Louisiana may enforce a near-total ban on abortions after a state judge refused to extend an injunction, allowing the state’s so-called abortion trigger law to go into effect on July 8.
The ruling came the same day as President Joe Biden signed an executive order designed to protect access to abortion-inducing pills and emergency contraception. It also came amid a flurry of litigation nationwide two weeks after the U.S. Supreme Court voted to overturn Roe v. Wade, the seminal 1973 precedent that overturned state laws and legalized abortion in the United States.
A trigger law is a law that takes effect when a specific event occurs. In this case, Louisiana’s trigger law, enacted in 2006, provides it becomes effective if Roe v. Wade is struck down. The law, one of many abortion restrictions passed in the state in the last few years, forbids abortions except when the pregnant woman’s life is in danger. Violations of the law count as felonies and can be punished with 10 years in prison and a $100,000 fine.
Louisiana is one of several states with trigger laws predicated on the reversal of Roe v. Wade. Similar laws in Utah and Kentucky have been temporarily blocked by the courts.
Orleans Parish Civil District Court Judge Ethel Julien said on July 8 that she lacked authority to extend a restraining order recently issued by another judge that prevented the laws from taking effect. Because the lawsuit brought by abortion provider Hope Medical Group for Women claims the laws are unconstitutionally vague, the case must be heard in state court in the state capital of Baton Rouge, according to an Associated Press report.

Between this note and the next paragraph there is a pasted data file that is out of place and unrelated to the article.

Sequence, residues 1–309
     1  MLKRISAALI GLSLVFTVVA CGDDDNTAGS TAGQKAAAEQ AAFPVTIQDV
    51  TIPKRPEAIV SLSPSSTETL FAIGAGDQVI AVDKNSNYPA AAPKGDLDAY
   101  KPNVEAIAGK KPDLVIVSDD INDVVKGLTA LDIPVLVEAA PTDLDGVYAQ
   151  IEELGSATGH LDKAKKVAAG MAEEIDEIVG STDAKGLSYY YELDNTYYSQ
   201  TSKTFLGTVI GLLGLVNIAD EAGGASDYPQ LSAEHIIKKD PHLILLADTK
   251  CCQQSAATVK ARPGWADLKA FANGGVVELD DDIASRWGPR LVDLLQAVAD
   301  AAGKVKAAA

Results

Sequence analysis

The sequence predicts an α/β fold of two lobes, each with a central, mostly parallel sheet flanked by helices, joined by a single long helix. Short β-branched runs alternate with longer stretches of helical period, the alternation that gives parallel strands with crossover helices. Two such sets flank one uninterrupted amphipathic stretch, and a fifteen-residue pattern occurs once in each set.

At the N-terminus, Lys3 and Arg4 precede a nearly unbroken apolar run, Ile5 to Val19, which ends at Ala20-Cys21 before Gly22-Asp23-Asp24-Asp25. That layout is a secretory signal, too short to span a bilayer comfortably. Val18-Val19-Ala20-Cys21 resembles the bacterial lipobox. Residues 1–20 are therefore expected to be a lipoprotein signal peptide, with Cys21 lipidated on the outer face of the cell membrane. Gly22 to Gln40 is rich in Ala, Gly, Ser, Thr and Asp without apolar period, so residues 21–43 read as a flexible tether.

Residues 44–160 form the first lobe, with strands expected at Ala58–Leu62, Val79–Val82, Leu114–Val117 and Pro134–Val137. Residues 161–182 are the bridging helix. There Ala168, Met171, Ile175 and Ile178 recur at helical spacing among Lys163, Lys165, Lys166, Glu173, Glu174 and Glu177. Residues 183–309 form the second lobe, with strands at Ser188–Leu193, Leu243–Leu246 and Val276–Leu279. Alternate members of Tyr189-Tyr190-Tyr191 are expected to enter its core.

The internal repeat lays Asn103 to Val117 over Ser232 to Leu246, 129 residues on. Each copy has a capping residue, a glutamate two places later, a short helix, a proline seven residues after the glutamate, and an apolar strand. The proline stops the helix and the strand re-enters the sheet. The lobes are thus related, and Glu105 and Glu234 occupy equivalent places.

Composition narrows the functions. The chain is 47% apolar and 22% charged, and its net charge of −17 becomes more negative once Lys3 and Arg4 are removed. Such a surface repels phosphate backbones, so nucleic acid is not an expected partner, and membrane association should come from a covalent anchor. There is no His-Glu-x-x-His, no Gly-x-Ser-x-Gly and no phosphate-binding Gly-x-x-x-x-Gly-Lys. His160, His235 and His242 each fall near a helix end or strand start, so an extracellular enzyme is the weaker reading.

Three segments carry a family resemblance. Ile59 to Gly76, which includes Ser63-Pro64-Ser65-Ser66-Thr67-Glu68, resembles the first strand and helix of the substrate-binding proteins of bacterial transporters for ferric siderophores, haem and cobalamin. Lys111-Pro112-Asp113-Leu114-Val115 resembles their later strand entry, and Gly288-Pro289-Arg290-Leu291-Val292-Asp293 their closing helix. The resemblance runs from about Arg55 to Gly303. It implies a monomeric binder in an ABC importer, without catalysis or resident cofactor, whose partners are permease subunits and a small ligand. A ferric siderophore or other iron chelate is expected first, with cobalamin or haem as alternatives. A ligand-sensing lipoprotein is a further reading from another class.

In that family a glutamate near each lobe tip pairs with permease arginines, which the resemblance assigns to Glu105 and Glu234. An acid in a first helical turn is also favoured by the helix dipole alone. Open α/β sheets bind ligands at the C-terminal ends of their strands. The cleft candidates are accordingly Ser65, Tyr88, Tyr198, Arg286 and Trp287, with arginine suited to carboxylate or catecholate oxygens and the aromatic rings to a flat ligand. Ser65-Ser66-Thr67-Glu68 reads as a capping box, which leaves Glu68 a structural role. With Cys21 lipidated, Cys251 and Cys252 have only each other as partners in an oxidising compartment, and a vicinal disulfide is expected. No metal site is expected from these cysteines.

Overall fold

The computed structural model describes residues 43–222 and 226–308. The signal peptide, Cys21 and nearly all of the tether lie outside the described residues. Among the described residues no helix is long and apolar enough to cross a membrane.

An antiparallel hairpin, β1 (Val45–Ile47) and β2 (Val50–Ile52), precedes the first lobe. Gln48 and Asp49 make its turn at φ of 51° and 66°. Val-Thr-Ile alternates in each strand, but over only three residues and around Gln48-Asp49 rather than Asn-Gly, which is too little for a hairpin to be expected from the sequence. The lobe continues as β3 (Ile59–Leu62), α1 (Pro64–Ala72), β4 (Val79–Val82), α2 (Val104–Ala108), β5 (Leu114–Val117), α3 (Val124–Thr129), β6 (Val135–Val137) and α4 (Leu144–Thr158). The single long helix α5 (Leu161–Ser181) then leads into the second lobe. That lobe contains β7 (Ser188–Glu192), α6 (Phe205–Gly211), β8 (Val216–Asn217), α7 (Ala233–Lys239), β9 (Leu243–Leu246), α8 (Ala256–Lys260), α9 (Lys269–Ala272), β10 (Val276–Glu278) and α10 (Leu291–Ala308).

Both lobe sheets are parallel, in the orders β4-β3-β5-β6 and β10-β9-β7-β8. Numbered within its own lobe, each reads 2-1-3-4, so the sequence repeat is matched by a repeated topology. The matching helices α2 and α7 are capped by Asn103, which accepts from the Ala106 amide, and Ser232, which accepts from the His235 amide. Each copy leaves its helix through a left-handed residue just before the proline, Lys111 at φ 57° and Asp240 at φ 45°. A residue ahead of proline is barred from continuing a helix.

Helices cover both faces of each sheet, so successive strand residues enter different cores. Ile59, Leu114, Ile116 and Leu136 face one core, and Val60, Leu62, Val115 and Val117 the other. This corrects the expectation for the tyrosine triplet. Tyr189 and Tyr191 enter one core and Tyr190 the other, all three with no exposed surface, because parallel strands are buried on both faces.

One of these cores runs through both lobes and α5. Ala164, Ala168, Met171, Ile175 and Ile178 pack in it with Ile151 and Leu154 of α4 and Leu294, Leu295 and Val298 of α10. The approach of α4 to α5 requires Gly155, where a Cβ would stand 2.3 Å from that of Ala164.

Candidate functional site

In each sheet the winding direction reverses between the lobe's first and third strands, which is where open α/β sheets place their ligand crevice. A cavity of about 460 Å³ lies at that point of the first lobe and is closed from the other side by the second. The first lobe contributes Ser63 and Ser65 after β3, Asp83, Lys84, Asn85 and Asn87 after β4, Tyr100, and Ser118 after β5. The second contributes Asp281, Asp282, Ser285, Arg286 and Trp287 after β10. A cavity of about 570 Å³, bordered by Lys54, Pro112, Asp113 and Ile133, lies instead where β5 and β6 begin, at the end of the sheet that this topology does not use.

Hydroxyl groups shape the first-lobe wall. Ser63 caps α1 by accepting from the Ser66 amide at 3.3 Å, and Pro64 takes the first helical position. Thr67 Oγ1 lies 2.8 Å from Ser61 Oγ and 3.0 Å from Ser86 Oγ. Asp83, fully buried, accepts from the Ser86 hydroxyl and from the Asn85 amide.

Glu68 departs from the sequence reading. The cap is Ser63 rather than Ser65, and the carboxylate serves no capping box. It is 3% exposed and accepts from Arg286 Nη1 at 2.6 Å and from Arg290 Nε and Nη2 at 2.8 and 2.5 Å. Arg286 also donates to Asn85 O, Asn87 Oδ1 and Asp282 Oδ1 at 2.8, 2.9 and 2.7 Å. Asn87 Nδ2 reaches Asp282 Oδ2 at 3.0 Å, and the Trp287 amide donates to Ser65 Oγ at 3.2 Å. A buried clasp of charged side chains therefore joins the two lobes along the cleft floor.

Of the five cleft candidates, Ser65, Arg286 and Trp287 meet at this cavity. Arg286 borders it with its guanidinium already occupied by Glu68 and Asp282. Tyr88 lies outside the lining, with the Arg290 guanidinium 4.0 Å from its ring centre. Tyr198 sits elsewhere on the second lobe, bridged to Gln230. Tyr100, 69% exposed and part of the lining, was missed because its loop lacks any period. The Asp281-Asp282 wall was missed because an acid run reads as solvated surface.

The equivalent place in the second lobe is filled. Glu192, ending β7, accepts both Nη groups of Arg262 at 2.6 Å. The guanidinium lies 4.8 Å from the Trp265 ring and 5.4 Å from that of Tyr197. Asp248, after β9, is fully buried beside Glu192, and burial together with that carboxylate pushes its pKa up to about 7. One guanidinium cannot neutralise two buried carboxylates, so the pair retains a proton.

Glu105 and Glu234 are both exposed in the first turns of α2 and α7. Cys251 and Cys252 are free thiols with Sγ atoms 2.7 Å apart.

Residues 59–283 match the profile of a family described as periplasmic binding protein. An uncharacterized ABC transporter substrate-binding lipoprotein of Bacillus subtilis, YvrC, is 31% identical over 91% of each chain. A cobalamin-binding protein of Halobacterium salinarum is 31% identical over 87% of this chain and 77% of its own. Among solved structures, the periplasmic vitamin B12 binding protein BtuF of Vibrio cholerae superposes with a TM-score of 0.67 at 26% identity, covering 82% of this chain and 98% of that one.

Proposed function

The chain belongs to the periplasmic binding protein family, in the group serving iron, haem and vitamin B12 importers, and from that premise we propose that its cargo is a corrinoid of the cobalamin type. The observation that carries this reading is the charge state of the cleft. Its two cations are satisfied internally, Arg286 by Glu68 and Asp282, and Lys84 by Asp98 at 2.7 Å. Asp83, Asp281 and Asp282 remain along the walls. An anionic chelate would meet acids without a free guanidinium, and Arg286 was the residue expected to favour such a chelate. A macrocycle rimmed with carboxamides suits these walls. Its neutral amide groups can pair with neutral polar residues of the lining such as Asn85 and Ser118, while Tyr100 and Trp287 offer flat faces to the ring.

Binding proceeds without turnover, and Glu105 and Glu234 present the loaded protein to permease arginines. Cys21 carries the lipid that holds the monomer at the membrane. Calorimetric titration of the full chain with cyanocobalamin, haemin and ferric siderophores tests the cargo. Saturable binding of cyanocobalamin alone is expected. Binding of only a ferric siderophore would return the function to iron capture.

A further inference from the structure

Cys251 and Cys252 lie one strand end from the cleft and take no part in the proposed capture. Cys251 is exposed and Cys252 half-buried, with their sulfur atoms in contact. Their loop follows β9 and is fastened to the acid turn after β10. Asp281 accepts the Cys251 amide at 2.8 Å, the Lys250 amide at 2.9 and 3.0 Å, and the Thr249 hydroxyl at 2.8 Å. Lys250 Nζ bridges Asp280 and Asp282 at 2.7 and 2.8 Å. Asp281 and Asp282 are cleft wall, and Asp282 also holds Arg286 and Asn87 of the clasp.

The abortion provider argued that the trigger laws were unconstitutionally vague because they did not provide any protection against arbitrary enforcement as required by the Due Process Clause of the Louisiana Constitution.
Days after the Supreme Court reversed Roe v. Wade, the ruling which had held there was a constitutional right to abortion, Robin Giarrusso, who is also a judge of Orleans Parish Civil District Court, granted a temporary restraining order blocking enforcement of the law.
Jeff Landry, Louisiana’s Republican attorney general, whose office had argued the case should be transferred to the court in Baton Rouge, celebrated Julien’s ruling in a brief Twitter post.
“Fighting and Winning for Louisiana!” he wrote.
Landry added that there were “reports that Biden is planning #abortion executive order. If he does, we will meet it with legal action and defeat him in court again!”
Joanna Wright, a lawyer for plaintiffs fighting the ban, said the case will continue.
“The fight is far from over, and we’re looking forward to litigating the trigger bans before the court of Baton Rouge,” the Washington Post quoted her saying.